Tuesday, January 19, 2010

Wednesday, January 13, 2010

The Tea Party Returns to Boston

One year ago, on January 20, Barack Obama was sworn into office on a message of hope and change but that was really about government control, increases taxes, and massive spending.

In response to the bailouts, stimulus packages, government takeovers, and other proposals such as cap and trade, card check, and now ObamaCare, the tea party movement was born. It first began in small gatherings at local Congressional offices and other small protests around the country. It then turned into a national protest on tax day, and the media began to take notice.

The question at the time -- a question we covered here at Kaw & Border -- was about whether the tea parties could turn into a real political movement that could achieve political victory. After all, the tea party movement is not represented by any one organization or individual, which is probably it's strength -- it is a true grassroots network of independents, conservatives and traditional Republicans -- all whom are deeply concerned about the road our nation is going down.

Elections are also not won on street corners or in protests, but by funding and supporting political campaigns that aim to replace those in office who are causing the damage to America. I order for a movement to truly gain stature in the American political system, it must achieve positive results at the ballot box. Otherwise, they will lose steam and be marganlized.

The first test of the tea party movement came in the November 2009 elections. They could certainly claim partial credit in the wins in Virginia and New Jersey, though one could claim that those elections may have happened anyway given the resurgence of Republicans in Virginia and the unpopularity of John Corzine. They also achieved a partial victory in New York -- ensuring that RINO Dede Scozzafava did not get seated but failing to get Doug Hoffman over the top. However, it could be argued that Doug Hoffman was not a great candidate.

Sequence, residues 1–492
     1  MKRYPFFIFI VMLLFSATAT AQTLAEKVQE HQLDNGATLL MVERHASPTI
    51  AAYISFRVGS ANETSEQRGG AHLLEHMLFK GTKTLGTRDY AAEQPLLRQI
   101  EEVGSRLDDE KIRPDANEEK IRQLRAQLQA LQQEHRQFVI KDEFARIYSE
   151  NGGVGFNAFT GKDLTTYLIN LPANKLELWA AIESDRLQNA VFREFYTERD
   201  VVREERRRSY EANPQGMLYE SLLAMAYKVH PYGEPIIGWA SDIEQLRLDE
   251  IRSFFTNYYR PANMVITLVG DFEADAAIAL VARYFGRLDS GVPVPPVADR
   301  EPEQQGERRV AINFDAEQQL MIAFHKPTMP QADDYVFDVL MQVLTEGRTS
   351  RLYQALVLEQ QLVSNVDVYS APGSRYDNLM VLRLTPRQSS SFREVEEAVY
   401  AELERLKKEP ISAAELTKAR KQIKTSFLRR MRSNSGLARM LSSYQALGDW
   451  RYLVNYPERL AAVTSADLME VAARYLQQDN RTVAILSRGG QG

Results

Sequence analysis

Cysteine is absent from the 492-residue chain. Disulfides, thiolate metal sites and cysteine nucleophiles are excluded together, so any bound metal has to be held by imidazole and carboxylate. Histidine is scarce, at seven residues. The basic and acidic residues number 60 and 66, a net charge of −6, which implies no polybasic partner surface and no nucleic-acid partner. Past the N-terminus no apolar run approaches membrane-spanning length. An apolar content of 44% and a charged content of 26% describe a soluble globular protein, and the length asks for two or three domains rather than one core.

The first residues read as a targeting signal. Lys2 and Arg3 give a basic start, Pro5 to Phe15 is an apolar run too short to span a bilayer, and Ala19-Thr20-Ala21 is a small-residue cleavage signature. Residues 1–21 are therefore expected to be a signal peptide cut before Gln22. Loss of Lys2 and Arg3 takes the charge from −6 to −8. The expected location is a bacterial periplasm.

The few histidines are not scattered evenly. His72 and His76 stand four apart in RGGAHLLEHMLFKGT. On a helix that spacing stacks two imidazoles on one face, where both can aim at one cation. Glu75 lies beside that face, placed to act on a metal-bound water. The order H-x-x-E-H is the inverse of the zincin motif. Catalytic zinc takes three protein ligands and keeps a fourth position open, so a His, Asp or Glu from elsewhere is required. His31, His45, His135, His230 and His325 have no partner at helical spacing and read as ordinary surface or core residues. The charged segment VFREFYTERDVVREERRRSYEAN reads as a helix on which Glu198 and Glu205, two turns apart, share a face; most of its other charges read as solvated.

However, in a twist of historical irony, the tea party returns to Massachusetts in the form of a political brigade aiming to claim the vacant Senate seat formerly held by Ted Kennedy. Amazingly, the special election is also being held on Tuesday, January 19, exactly a year from Obama's inauguration.

Even with Obama's sinking numbers, Democrats thought they had this one in the bag. Unfortunately for them, their candidate -- Martha Coakley -- is turning out to be a real dud -- and the Republicans, unlike in the NY-23 race, have recruited a potential star in Scott Brown, who comes across, while a registered Republican -- as an independent conservative voice -- the kind of candidate that will succeed in 2010 (take notice, national and local Republicans!).

And, polling is reflecting that. A week ago, Rasmussen showed Hoffman down just 9 points -- still a healthy margin with only two weeks left. Now, that margin is down to 49-47 in a new poll by Rasmussen. Just this week, Brown had a money bomb that raised over $1 million dollars in one day, a phenomenal amount of money.

He also dominated her in a debate, and had a line that all candidates dream of making -- the kind that will set the tone for the campaign and can win you an election. In response to a question asked by David Gergen regarding whether he was willing to let health care reform die as the representative of "Ted Kennedy's Senate seat", Brown said "This isn't the Ted Kennedy seat or the Democrats seat, it's the people's seat."

At that point, it seemed like nothing else mattered. He's an insurgent candidate with a grasp of the issues and his conservative message is playing very well in Massachusetts, of all places.

The race will be tight next week but the fact it is now a tossup shows you just how far the Democrats have fallen. A Brown victory will be a political earthquake not felt since 1994 -- the safest of all safe seats taken over by a Republican -- a conservative Republican -- funded and supported by tea partiers coast to coast -- that caused the death of ObamaCare and the beginning of the end for the current regime in Washington.

What is also shows is the awesome political power the tea party and conservative movements can wield when they focus their efforts. Brown raising $1 million in a day is amazing, but candidates nationwide could benefit from this political insurgency and would only need a fraction of that effort. Most primary elections in Congressional races can be won with just a few hundred thousand dollars. State legislative elections can be won with well under $100,000, depending on the size of the district.

The challenge for the tea party movement will be in deciding which candidates to support. More than one viable candidate may emerge in a particular race. But perhaps that isn't a problem after all -- perhaps what the Massachusetts example shows is that political offices will no longer be controlled by back room deal, whether they occur in the Democratic Party or the Republican Party. Perhaps it will be left to the candidates themselves and the movements they represent to rise up and earn support and get the word out about their campaigns.

Perhaps, once again, elections will truly decided by the people. That, no matter what your persusasion is, is a very good thing.

Monday, January 4, 2010

Find us on RedCounty.com

While we will continue to post here, we wanted to let you know RedCounty.com is featuring a weekly Kaw & Border column each Monday. Here is a link to our last post, "Could Johnson County Experience a Conservative Wave in 2010?" Below is the content:

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Could Johnson County Experience a Conservative Wave in 2010?